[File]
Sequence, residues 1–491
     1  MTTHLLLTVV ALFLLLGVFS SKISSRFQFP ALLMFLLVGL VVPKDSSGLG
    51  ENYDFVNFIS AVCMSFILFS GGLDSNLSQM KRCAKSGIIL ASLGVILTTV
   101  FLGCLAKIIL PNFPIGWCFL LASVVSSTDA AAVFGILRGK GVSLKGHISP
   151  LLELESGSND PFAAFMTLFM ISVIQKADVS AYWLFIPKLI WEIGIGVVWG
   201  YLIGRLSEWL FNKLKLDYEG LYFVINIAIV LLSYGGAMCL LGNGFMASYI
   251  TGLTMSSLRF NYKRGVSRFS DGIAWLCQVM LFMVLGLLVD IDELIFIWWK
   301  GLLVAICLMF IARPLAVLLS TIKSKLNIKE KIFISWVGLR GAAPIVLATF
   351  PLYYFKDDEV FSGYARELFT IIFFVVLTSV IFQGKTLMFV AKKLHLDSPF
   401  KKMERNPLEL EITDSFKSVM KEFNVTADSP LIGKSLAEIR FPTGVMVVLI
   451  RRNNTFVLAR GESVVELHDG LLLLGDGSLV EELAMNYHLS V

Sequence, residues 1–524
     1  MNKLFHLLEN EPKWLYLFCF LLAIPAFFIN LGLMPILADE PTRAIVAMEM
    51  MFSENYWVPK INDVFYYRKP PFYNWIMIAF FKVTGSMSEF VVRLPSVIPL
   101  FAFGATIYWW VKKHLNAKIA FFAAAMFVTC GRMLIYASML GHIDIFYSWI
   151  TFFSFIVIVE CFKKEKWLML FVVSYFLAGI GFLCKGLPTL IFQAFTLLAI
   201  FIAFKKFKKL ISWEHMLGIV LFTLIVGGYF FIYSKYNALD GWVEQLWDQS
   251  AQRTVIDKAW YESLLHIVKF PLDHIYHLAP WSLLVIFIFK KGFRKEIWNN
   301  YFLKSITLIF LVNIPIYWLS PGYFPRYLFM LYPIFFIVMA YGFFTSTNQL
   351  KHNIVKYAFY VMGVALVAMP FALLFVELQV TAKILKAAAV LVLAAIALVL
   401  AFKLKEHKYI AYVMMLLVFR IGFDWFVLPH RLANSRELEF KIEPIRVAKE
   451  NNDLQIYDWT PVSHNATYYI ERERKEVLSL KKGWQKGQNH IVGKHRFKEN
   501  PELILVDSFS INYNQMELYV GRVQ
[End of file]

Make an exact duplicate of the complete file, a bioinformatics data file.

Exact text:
Sequence, residues 1–491
     1  MTTHLLLTVV ALFLLLGVFS SKISSRFQFP ALLMFLLVGL VVPKDSSGLG
    51  ENYDFVNFIS AVCMSFILFS GGLDSNLSQM KRCAKSGIIL ASLGVILTTV
   101  FLGCLAKIIL PNFPIGWCFL LASVVSSTDA AAVFGILRGK GVSLKGHISP
   151  LLELESGSND PFAAFMTLFM ISVIQKADVS AYWLFIPKLI WEIGIGVVWG
   201  YLIGRLSEWL FNKLKLDYEG LYFVINIAIV LLSYGGAMCL LGNGFMASYI
   251  TGLTMSSLRF NYKRGVSRFS DGIAWLCQVM LFMVLGLLVD IDELIFIWWK
   301  GLLVAICLMF IARPLAVLLS TIKSKLNIKE KIFISWVGLR GAAPIVLATF
   351  PLYYFKDDEV FSGYARELFT IIFFVVLTSV IFQGKTLMFV AKKLHLDSPF
   401  KKMERNPLEL EITDSFKSVM KEFNVTADSP LIGKSLAEIR FPTGVMVVLI
   451  RRNNTFVLAR GESVVELHDG LLLLGDGSLV EELAMNYHLS V

Sequence, residues 1–524
     1  MNKLFHLLEN EPKWLYLFCF LLAIPAFFIN LGLMPILADE PTRAIVAMEM
    51  MFSENYWVPK INDVFYYRKP PFYNWIMIAF FKVTGSMSEF VVRLPSVIPL
   101  FAFGATIYWW VKKHLNAKIA FFAAAMFVTC GRMLIYASML GHIDIFYSWI
   151  TFFSFIVIVE CFKKEKWLML FVVSYFLAGI GFLCKGLPTL IFQAFTLLAI
   201  FIAFKKFKKL ISWEHMLGIV LFTLIVGGYF FIYSKYNALD GWVEQLWDQS
   251  AQRTVIDKAW YESLLHIVKF PLDHIYHLAP WSLLVIFIFK KGFRKEIWNN
   301  YFLKSITLIF LVNIPIYWLS PGYFPRYLFM LYPIFFIVMA YGFFTSTNQL
   351  KHNIVKYAFY VMGVALVAMP FALLFVELQV TAKILKAAAV LVLAAIALVL
   401  AFKLKEHKYI AYVMMLLVFR IGFDWFVLPH RLANSRELEF KIEPIRVAKE
   451  NNDLQIYDWT PVSHNATYYI ERERKEVLSL KKGWQKGQNH IVGKHRFKEN
   501  PELILVDSFS INYNQMELYV GRVQ